Delta B.C. - Vee-Gan: old Indian word for poor hunter. 
  • A little off topic, but related:

    I read somewhere (I think on this forum) that running SS kitchen knives through the dishwasher can dull the edge?   What is the rationale for that?  I don't put them in the dishwasher because the handles can get messed up, but I had never heard that it would dull the edge.


    Most knives recieve a heat treatment to create a specific molecular structure conducive to creating a cutting edge. When you subject a blade to high heat in the dishwasher, you change that structure. Especialy on the thin cutting edge.
    I also read that most popular dishwasher detergents are quite abrasive, that's why some glassware will cloud, it is being sandblasted. Not good for knives or CI (removes the seasoning)
    Delta B.C. - Vee-Gan: old Indian word for poor hunter. 
  • MikeGMikeG Posts: 174
    Focker said:

    Save some cash, buy mineral oil from the CVS pharmacy.

    If you really want to, hit up a local beekeeper.  Received some this weekend from a friend.

    Occasionally I will take some wet and dry 320 grit with the mouse sander to even it out.  Put down the warm mineral oil and sand once.  Probably two to three times a year.  Barely removes wood, and restores it to new.  This is something I do, not at all required.


    Don't know that I'd care to impinge the cast off 320 grit particles into my cutting board surface. 
  • nolaeggheadnolaegghead Posts: 11,231
    A scraper is recommended for finishing cutting boards by the knife nerds.  They say the embedded abrasive dulls the knife edge.  Like they have electron microscopes.  But to be cautious, a planer (if you have one big enough) or, as I said, scraper don't leave abrasive behind.

    Scrapers are really cool tools to sand wood.  Started using them a few years ago.  Read up on them if interested.
    ______________________________________________
    This is my signature line just so you're not confused.
    Large and Medium BGE, two turntables and a microphone, my friend.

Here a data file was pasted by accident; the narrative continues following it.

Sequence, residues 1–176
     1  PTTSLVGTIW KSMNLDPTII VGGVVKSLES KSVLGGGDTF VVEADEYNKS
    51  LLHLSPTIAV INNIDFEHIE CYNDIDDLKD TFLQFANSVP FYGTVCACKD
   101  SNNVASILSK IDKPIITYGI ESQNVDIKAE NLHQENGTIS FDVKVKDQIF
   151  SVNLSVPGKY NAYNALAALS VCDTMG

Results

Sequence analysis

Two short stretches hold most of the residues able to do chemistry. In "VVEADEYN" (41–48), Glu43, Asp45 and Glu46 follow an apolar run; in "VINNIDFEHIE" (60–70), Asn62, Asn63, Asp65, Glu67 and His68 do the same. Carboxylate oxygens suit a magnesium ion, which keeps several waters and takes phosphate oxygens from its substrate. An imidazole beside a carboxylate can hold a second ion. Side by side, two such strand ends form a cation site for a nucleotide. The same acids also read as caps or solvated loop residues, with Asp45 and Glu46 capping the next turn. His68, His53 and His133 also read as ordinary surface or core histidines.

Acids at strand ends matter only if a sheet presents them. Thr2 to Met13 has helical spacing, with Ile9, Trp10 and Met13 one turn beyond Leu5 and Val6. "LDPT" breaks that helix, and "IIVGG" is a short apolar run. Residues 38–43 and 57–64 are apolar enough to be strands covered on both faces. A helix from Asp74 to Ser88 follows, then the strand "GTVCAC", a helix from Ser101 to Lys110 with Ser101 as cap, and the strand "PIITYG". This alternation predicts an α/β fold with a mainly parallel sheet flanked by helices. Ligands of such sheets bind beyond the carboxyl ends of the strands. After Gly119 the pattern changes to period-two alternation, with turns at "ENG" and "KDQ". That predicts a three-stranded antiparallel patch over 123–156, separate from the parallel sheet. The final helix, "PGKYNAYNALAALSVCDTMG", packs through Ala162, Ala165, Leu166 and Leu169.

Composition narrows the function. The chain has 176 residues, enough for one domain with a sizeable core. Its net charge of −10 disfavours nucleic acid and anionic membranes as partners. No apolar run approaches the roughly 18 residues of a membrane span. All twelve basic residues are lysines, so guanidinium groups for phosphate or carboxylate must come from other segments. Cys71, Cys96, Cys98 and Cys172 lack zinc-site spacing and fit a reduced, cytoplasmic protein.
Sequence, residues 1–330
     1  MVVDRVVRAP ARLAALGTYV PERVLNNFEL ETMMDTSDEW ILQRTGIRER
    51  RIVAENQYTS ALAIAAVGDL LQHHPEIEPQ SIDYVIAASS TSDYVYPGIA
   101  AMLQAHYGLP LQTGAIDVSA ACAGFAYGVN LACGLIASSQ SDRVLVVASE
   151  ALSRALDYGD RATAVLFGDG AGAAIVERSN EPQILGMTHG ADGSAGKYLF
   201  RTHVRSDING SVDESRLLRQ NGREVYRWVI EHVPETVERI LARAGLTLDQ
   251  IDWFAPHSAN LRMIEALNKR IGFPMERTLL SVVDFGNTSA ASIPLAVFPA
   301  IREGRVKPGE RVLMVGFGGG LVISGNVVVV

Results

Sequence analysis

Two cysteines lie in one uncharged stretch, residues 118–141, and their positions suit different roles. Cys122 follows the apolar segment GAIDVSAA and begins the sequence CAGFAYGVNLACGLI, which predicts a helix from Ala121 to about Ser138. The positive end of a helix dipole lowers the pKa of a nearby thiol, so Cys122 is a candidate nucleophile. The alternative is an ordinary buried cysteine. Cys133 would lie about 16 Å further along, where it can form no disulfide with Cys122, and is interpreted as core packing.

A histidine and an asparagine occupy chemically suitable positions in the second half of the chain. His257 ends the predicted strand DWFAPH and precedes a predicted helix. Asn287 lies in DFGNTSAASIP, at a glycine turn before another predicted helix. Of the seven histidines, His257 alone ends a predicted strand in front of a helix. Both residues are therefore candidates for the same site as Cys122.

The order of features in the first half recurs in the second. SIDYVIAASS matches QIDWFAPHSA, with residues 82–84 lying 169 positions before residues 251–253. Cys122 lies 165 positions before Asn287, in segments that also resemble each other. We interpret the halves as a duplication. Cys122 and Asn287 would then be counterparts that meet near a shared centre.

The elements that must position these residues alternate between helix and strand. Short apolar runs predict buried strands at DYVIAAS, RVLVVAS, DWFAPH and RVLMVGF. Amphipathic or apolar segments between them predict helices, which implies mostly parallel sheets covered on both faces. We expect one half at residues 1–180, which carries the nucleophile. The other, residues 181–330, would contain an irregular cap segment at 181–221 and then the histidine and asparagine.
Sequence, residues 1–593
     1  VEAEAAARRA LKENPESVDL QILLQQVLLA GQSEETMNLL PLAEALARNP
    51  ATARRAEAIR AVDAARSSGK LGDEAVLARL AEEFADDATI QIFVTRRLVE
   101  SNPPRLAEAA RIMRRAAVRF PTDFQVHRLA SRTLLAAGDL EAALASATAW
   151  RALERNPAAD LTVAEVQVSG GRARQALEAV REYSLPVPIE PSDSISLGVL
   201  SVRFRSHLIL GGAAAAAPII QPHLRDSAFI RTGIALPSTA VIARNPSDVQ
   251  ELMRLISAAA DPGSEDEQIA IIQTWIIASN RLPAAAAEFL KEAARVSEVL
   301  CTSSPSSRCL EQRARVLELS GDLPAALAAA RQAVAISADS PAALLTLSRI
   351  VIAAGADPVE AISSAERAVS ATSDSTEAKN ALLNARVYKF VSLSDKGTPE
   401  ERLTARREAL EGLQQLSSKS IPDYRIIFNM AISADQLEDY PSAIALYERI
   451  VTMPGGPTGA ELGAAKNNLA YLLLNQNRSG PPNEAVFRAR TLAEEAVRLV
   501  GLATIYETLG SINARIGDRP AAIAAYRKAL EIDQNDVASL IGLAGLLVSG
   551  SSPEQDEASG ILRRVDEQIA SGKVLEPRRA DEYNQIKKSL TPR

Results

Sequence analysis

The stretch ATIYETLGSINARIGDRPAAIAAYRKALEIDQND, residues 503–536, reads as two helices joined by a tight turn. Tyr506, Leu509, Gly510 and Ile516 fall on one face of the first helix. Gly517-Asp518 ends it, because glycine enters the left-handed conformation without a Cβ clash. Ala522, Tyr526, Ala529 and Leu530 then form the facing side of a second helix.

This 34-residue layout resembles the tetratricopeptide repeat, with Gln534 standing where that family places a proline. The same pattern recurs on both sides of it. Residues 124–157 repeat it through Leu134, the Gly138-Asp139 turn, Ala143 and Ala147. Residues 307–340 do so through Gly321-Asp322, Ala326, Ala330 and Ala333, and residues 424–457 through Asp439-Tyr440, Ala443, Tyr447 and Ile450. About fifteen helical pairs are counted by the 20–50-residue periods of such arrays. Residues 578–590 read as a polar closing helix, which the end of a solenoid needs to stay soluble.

New Orleans, LA - we know how to eat 

  • nolaeggheadnolaegghead Posts: 11,231
    screw it.  Just sand the damn thing.
    ______________________________________________
    This is my signature line just so you're not confused.
    Large and Medium BGE, two turntables and a microphone, my friend.
    New Orleans, LA - we know how to eat 

  • Scrapers are really cool and give you a glass smooth finish that will help repel moisture also.  Not that you wouldn't want to use mineral oil also, it will just take a little longer to absorb.  Running an end grain cutting board thru a planer could be tragic when it gets to the end.  With all the grain standing up, it will almost certainly chip out the final edge on the way out. 

    It really is amazing the vast amount of information and opinions on almost any topic available! 

  • FockerFocker Posts: 1,474
    edited September 2012
    MikeG said:
    Focker said:

    Save some cash, buy mineral oil from the CVS pharmacy.

    If you really want to, hit up a local beekeeper.  Received some this weekend from a friend.

    Occasionally I will take some wet and dry 320 grit with the mouse sander to even it out.  Put down the warm mineral oil and sand once.  Probably two to three times a year.  Barely removes wood, and restores it to new.  This is something I do, not at all required.


    Don't know that I'd care to impinge the cast off 320 grit particles into my cutting board surface. 


    MikeG,

    Rick Odea, the dude that crafted my board, told me over the phone to do all of this, when I ordered.  The mineral oil layer keeps the particles from adhering to the sandpaper and board.  When you wipe the oil off, it is walnut brown, comes right off.  Board is silky smooth as it was new.  Definitely not required by any means, but I take care of my stuff thanks to a depression era grandpa.  May be a little OCD, but I switch the cutting board around every few months and try to use different areas to even out wear.

    These custom boards are not cheap.

    Brandon
    Quad Cities
    "The most important ingredient in cooking is restraint."--Chris Bianco

  • fishlessmanfishlessman Posts: 15,943
    sometimes i think the sanitation issues go way over board, for instance, do you stir sauces and soups with plastic spoons, or a nice olive wood spoon that floats nicely on the surface in between stirs instead of placing the sterile clean plastic one in a crusty spoon holder